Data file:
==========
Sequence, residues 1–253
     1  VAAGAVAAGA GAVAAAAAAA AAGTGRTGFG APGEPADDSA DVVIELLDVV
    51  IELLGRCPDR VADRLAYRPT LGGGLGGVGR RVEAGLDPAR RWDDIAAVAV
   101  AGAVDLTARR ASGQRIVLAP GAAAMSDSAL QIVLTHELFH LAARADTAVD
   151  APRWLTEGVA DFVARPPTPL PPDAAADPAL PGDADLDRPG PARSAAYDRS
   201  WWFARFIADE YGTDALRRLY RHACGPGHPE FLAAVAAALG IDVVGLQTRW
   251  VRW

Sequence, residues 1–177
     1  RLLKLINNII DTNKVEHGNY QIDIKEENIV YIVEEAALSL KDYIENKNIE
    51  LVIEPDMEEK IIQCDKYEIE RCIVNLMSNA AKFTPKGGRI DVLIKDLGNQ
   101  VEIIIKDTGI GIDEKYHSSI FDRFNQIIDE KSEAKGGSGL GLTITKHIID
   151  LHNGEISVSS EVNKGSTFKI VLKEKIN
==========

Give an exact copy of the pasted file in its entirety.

Sequence, residues 1–253
     1  VAAGAVAAGA GAVAAAAAAA AAGTGRTGFG APGEPADDSA DVVIELLDVV
    51  IELLGRCPDR VADRLAYRPT LGGGLGGVGR RVEAGLDPAR RWDDIAAVAV
   101  AGAVDLTARR ASGQRIVLAP GAAAMSDSAL QIVLTHELFH LAARADTAVD
   151  APRWLTEGVA DFVARPPTPL PPDAAADPAL PGDADLDRPG PARSAAYDRS
   201  WWFARFIADE YGTDALRRLY RHACGPGHPE FLAAVAAALG IDVVGLQTRW
   251  VRW

Sequence, residues 1–177
     1  RLLKLINNII DTNKVEHGNY QIDIKEENIV YIVEEAALSL KDYIENKNIE
    51  LVIEPDMEEK IIQCDKYEIE RCIVNLMSNA AKFTPKGGRI DVLIKDLGNQ
   101  VEIIIKDTGI GIDEKYHSSI FDRFNQIIDE KSEAKGGSGL GLTITKHIID
   151  LHNGEISVSS EVNKGSTFKI VLKEKIN